Friday, May 29, 2009


When Christiane Riedinger arrived at Somerville College she heard everyone talking about Pogo. “He scared a rich donor today” or “I haven’t seen him, he must be hiding today.” Never meeting this strange Pogo, she eventually concluded that he must be the college ghost. Being that many buildings and traditions at Oxford are hundreds of years old, ghost tales abound (See here for example).

Actually, Pogo is the college cat – a beautiful all-black cat – suggestive of a ghost, perhaps, but a bit cuter. He was adopted many years ago by the principal of the college, Dame Fiona Caldicott, and he is more than just the mascot of the college, he borders on an obsession. There seems to be constant chatter about his whereabouts and his recent activities.

Admittedly, Pogo is a bit of a personality problem. Being a cat, he seems plenty happy to ignore all the people around him. Most of the time, he is remarkably uninterested in the hundreds of students going this way or that. Now and then he does seem to enjoy being pet, as most cats do. But when he tires of being nice, he turns quickly and brings out the claws to express his displeasure. Despite his occasional hostilities, he is a treasured icon of Somerville these days. [ There are, however, some (perhaps apocryphal) stories about how he likes to jump out of trees and land on the heads of important persons when they happen to be visiting the college. ]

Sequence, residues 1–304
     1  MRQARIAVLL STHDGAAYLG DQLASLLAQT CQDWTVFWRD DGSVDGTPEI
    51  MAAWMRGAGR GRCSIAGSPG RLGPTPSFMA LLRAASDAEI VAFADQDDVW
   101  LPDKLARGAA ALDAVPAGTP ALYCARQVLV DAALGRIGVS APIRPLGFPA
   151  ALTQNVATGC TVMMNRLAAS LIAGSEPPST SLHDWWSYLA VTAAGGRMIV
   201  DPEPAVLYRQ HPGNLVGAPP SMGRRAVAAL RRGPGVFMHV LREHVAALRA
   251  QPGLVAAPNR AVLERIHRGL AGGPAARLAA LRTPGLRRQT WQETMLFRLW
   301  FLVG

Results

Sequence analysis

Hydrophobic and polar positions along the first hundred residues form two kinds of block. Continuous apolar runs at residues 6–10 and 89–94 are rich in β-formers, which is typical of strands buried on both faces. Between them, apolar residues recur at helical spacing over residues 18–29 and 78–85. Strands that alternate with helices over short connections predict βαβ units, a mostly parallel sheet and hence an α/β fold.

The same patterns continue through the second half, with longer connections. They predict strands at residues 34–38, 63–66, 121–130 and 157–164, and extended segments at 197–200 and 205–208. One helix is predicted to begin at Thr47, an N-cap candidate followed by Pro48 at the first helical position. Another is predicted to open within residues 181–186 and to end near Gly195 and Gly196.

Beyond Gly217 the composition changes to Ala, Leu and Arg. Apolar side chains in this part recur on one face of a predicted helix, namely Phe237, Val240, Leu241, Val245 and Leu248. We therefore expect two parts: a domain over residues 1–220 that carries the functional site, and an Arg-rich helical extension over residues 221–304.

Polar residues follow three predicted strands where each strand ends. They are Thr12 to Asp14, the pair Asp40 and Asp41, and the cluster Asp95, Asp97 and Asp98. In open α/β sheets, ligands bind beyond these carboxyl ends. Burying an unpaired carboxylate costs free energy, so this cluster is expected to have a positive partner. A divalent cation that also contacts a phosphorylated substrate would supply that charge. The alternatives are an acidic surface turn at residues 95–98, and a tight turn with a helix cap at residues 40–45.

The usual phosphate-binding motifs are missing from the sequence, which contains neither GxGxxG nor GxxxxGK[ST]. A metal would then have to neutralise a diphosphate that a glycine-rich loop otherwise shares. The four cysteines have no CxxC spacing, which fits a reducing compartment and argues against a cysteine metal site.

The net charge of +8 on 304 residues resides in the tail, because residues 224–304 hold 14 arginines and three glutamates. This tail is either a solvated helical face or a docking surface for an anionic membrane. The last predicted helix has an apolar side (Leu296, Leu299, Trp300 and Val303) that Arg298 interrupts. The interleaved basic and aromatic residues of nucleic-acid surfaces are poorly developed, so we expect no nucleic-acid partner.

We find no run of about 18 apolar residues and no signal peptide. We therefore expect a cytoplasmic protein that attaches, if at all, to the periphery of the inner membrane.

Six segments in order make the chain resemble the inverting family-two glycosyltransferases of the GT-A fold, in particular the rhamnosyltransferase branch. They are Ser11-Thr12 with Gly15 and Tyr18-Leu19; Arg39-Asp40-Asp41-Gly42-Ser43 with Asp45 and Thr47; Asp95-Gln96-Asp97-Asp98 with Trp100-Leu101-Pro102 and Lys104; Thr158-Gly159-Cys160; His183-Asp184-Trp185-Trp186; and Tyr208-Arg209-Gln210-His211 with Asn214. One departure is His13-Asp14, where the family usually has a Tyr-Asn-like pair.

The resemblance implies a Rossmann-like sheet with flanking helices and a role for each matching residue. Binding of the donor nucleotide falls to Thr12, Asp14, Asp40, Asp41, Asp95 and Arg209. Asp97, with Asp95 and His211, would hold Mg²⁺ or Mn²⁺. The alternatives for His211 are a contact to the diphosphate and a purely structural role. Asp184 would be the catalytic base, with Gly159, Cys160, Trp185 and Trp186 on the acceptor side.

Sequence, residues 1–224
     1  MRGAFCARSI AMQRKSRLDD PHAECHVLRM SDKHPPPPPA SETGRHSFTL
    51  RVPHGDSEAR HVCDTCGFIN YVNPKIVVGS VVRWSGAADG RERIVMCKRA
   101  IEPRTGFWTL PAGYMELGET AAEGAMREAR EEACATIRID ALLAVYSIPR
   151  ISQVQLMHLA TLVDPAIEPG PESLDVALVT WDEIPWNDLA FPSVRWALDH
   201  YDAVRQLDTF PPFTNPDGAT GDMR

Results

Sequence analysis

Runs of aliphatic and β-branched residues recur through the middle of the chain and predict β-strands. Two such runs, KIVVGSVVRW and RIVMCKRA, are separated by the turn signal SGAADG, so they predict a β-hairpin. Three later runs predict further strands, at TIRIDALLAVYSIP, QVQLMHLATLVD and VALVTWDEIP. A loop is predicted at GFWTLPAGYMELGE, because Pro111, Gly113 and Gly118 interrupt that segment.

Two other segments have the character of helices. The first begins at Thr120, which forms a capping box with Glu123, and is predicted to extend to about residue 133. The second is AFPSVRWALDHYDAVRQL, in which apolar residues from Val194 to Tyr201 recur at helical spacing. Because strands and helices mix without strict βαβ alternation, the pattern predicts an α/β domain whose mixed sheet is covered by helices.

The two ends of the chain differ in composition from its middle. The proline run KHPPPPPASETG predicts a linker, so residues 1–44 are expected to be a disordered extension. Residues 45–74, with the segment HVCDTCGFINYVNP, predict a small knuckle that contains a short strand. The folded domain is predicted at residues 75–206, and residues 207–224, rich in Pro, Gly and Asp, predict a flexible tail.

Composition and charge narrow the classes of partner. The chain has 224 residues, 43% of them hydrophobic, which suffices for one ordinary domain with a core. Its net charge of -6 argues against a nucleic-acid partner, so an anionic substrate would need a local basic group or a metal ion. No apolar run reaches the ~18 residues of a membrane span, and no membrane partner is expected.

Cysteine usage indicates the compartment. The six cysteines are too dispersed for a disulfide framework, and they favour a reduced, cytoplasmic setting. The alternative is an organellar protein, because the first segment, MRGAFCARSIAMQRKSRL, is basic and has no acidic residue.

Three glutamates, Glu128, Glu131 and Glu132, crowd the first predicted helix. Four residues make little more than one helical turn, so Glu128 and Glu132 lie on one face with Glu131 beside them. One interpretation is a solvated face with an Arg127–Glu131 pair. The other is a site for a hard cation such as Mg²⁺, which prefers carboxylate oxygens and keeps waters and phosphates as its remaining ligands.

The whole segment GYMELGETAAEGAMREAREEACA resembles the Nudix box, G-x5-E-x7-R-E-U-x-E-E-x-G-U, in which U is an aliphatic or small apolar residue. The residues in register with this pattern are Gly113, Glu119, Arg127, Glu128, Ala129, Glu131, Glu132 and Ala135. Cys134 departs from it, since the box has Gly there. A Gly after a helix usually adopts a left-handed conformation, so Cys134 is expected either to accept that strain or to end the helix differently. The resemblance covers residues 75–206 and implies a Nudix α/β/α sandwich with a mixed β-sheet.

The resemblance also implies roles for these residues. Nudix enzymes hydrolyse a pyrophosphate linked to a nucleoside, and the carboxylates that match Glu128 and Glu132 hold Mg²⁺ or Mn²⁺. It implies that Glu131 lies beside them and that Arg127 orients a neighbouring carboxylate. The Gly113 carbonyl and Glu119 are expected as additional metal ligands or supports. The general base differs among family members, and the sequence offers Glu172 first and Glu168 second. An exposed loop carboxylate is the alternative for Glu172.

A few weeks ago, Pogo got into a bit of a brawl with another cat and he ended up needing some stitches. He was hurt badly enough that he had to stay “home” at the principal’s residence for a week or so. You could practically feel the worry going around the college as everyone waited anxiously for him to heal. On the day he returned, there was a huge buzz going around “Pogo’s back!”.

In about 15 months, our principal will be retiring. She is a good principal, and we will be very sad to lose her. Hopefully her replacement will be equally good. More importantly, hopefully her replacement will bring a cat. Or maybe, just maybe, we can work out a joint custody arrangement with Dame Fi.

Thanks to Isabel Schlinzig for providing the nice photo above. I tried many times to get a good photo of Pogo, but did not manage to do so.